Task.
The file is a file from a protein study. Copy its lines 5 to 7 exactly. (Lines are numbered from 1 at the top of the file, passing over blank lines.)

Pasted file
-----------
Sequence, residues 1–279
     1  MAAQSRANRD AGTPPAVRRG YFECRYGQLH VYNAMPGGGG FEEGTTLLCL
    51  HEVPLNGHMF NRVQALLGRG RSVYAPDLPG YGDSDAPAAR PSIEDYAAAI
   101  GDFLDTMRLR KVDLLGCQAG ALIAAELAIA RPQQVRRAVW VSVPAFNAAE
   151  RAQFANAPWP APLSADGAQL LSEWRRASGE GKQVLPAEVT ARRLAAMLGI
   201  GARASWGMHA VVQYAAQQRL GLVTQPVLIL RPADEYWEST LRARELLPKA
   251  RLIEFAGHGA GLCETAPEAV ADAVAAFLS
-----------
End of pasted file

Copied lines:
   151  RAQFANAPWP APLSADGAQL LSEWRRASGE GKQVLPAEVT ARRLAAMLGI
   201  GARASWGMHA VVQYAAQQRL GLVTQPVLIL RPADEYWEST LRARELLPKA
   251  RLIEFAGHGA GLCETAPEAV ADAVAAFLS